The Art of War by Sun Tsu…Learn It, You’re Going To Need It

The Art of War is an ancient Chinese military treatise dating from the Late Spring and Autumn Period (roughly 5th century BC). The work is attributed to the ancient Chinese military strategist Sun Tzu

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Trump is the anti christ and Pence is the false profit and republicans are their disciples and ALL republicans are FAKE Christians

Oh yeah, that son of a JACKAL definitely is the AntiChrist! (If the AntiChrist, exists, which it doesn’t.)

Trump showed us who he is when he did that Photo-Op’ in front of that church. Holding the bible Backwards AND Upside down?

Considering that I am not the religious type, even I know that mishandling something that is deemed to be sacred by others is a bad move to make.That is a Satanist move if there ever was one. n  Shit, I spent years in Parochial school and I’ve alszo seen the Omen and The Exorcist enough times to know better.

I got The Art Of War years ago for free from Amazon for my Kindle, little did I realize how contemporary it is.  The Art of War remains the most influential strategy text in East Asian warfare and has influenced both Eastern and Western military thinking, business tactics, legal strategy, lifestyles and beyond.The book contained a detailed explanation and analysis of the Chinese military, from weapons and strategy to rank and discipline.

Sun also stressed the importance of intelligence operatives and espionage to the war effort. Because Sun has long been considered to be one of history’s finest military tacticians and analysts, his teachings and strategies formed the basis of advanced military training for millennia to come.

Especially applying some principles to the mind fuck that Trump has been subjecting the American people to.

Did you know? The Art of War became a best-seller in 2001, when television mobster Tony Soprano told his therapist that he’d been reading the book. After that, the book was in such demand that Oxford University Press had to print 25,000 extra copies.

As the story goes, the king of one of the feuding vassal states challenged Sun Tzu to prove his military expertise by turning a harem of royal courtesans into an organized, well-trained fighting force. At first, the courtesans failed to perform their duties; in response, Sun Tzu beheaded two of the king’s favorites in front of everyone. After that, the courtesan armies followed orders perfectly, and the king was so impressed that he put Sun Tzu in charge of his whole military.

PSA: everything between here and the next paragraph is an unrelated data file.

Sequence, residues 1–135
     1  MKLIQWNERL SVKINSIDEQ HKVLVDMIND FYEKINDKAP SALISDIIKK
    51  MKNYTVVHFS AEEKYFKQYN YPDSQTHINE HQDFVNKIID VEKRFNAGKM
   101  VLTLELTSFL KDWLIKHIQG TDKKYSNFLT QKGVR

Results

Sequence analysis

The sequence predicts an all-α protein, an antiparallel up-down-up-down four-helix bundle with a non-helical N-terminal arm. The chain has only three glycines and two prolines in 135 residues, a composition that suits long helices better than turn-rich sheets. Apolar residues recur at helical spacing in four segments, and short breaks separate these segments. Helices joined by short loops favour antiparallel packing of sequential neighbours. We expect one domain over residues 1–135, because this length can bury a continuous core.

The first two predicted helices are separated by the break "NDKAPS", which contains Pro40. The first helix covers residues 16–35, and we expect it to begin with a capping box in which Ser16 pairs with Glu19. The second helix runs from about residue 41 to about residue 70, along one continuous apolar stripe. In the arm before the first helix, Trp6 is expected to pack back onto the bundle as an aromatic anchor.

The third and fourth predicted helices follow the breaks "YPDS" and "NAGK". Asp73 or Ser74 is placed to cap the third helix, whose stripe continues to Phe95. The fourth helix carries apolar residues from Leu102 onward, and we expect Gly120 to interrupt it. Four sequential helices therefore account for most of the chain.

Scholars do not know how The Art of War came to be—and whether or not “Sun Tzu,” if he existed, had anything to do with its creation. What they do know is that copies of the book, typically written on sets of sewn-together bamboo slats, ended up in the hands of politicians, military leaders and scholars across China. From there, translated copies of “Sun Tzu’s” work found their way to Korea and Japan. (The oldest Japanese version dates from the 8th century A.D.)

For more than 1,000 years, rulers and scholars across Asia consulted The Art of War as they plotted their military maneuvers and imperial conquests. Japanese samurai, for example, studied it closely. However, it did not reach the Western world until the end of the 18th century, when a Jesuit missionary translated the book into French. (Historians say that the French emperor Napoleon was the first Western leader to follow its teachings.) It was finally translated into English in 1905.

Premises of The Art of War

The Art of War presents the basic principles of warfare and gives military leaders advice on when and how to fight. Its 13 chapters offer specific battle strategies–for example, one tells commanders how to move armies through inhospitable terrain, while another explains how to use and respond to different types of weapons–but they also give more general advice about conflicts and their resolution. Rules like “He will win who knows when to fight and when not to fight;” “He will win who knows how to handle both superior and inferior forces;” “He will win whose army is animated by the same spirit throughout all its ranks;” “Victory usually goes to the army who has better trained officers and men;” and “Know the enemy and know yourself; in a hundred battles you will never be in peril” can be applied to particular battle situations as well as to other kinds of disagreements and challenges.

Remember: The Enemy of YOUR Enemy is Your FRIEND-SunTsu